An outdoor bronze display of Rembrandt's "Night Watch" (beneath the painter's statue) that was magnificent, almost as magnificent as seeing the painting in the Rijksmuseum. Consistently rated one of the finest museums in the world, the Rijksmuseum also contains 400,000 volumes of books/manuscripts climatically housed in tunnels beneath the building as there isn't enough space in this already huge complex for everything. Truly, the day's visit was an artistic feast of Dutch history. Mr. H. particularly loved the boats and military uniforms through the ages. 

But as one feast ends, another begins. Yours truly at Schiphol.  Next stop: Venice.

Thursday, June 25, 2015

Off to Europe!

Our two suitcases are packed (one each) as we finalize last minute stuff before our early morning departure tomorrow for D.C. and Saturday flight to Europe.

I'm not saying exactly where just yet as the Big Plan ***drum roll*** is to post from our various stops. Since my new computer breezes along, it should be a lot easier than struggling as I did with the old one. (What a mess that was, sheesh!)

And, you're right, Alex, I'm loving my iPhone! Have learned to shut the phone part off, go about my way, and catch up later. But we do have international plans for the trip. Life's good!

Hope to check back in soonest!

Happy Summer, Everyone!

Monday, June 22, 2015

"The Princess and the Pea"

The Confederate flag and a pea: What's the segue? Read on . . .

With Danish writer Hans Christian Anderson's book of fairy tales in one hand, I opened the door to the living room. This hot August afternoon I wanted to be in the quietest and coolest room in the house to re-read a fairy tale.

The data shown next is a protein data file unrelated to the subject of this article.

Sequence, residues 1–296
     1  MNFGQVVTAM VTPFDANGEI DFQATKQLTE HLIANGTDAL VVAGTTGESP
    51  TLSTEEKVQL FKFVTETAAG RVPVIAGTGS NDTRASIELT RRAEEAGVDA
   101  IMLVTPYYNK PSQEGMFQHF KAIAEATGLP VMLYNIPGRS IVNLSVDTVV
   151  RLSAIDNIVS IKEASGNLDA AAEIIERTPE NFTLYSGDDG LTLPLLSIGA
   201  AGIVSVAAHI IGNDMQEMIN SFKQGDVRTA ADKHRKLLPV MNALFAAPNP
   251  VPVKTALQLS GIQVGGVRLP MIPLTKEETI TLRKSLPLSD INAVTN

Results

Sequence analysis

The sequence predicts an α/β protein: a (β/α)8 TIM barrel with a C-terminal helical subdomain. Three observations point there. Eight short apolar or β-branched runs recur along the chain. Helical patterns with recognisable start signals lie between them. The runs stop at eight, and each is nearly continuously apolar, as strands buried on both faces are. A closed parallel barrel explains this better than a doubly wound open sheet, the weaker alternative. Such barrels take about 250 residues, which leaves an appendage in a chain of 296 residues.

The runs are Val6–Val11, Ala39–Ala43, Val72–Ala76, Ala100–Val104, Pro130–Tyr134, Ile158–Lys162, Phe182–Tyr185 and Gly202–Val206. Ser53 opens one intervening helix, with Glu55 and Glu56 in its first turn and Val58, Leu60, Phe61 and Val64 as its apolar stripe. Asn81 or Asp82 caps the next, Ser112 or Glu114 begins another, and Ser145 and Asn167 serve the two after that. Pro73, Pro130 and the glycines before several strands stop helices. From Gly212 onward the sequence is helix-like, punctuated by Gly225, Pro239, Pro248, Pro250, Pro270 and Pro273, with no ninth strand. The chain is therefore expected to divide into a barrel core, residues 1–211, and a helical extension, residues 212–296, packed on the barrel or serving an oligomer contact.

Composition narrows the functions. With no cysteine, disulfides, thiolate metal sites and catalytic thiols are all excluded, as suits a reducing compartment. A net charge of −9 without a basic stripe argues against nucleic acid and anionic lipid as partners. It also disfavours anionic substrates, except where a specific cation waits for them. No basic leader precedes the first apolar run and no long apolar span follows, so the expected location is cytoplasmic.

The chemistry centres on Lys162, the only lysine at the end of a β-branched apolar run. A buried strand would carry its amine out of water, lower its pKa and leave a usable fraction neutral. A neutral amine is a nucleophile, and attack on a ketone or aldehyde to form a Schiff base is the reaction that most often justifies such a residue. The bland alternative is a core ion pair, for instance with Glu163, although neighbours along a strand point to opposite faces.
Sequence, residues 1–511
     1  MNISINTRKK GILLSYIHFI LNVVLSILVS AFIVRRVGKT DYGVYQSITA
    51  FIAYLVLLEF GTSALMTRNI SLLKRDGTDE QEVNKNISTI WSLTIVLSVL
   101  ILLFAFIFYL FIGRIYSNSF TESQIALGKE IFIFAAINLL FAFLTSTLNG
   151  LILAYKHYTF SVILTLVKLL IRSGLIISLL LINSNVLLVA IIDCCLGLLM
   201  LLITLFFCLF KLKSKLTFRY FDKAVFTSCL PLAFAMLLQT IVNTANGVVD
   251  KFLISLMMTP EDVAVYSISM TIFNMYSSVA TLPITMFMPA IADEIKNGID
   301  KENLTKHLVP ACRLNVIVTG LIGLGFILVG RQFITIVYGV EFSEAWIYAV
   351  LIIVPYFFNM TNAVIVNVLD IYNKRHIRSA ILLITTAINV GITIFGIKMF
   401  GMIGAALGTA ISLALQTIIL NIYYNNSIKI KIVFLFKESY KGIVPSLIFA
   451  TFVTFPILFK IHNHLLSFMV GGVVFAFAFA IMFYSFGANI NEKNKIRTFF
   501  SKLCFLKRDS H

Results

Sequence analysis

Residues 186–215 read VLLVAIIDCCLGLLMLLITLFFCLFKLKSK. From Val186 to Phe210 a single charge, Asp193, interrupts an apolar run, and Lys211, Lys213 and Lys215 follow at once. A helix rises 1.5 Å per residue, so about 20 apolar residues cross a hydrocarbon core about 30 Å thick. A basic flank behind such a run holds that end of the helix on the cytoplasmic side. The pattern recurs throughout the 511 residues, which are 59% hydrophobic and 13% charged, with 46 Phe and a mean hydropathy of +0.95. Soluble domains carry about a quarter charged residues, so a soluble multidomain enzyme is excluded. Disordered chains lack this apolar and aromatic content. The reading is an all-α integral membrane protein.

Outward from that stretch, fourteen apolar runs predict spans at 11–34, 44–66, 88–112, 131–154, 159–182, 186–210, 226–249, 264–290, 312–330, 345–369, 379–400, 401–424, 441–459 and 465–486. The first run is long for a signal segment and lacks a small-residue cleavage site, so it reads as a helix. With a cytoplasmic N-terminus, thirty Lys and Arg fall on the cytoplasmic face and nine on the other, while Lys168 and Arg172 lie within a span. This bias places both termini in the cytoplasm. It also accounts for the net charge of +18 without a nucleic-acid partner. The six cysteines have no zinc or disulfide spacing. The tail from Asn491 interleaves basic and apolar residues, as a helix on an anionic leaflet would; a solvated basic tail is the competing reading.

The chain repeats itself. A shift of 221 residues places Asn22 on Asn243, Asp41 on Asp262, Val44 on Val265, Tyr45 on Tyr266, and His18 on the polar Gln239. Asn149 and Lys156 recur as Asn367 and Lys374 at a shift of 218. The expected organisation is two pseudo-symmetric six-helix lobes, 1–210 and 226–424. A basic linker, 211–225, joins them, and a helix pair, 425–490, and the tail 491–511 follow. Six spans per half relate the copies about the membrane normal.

Of the book's many fairy tales, "The Princess and the Pea" had caused a fifth grader to do some serious thinking, but not about the story's handsome prince. I was too young for that.

No, it was this business about sleeping on 20 mattress piled high above a pea and waking up bruised and sore, what happened in the story that proved a rain-drenched maiden was a real princess, not an impostor trying to snare the prince.

Even though none of the book's fairy tales had had a princess with freckled cheeks, I dismissed that as a minor technicality. Hans Christian Anderson was from Denmark (I'd checked the map), a long way from South Louisiana, and couldn't possibly have known about Southern princesses: belles with peach-dripping voices, delicate manners, a certain frailty, and a determined focus that usually won the  day.

Being a Southern princess-in-training was another ignored technicality. To my way of thinking, a princess was a princess, thus opening the way to conduct an experiment: sleeping on a mattress with a pea between the mattress and the box springs.

After re-reading the fairy tale, to make sure I had it right, I closed the book as I stood up and moved toward the piano, where I'd hidden a pea shelled that morning behind the metronome. Seizing the moment -- it wasn't often the house was this quiet -- I slipped into my bedroom, pulled up the bedspread and top sheet, then lifted the mattress with one hand as I reached to position the pea where my back would be while I slept.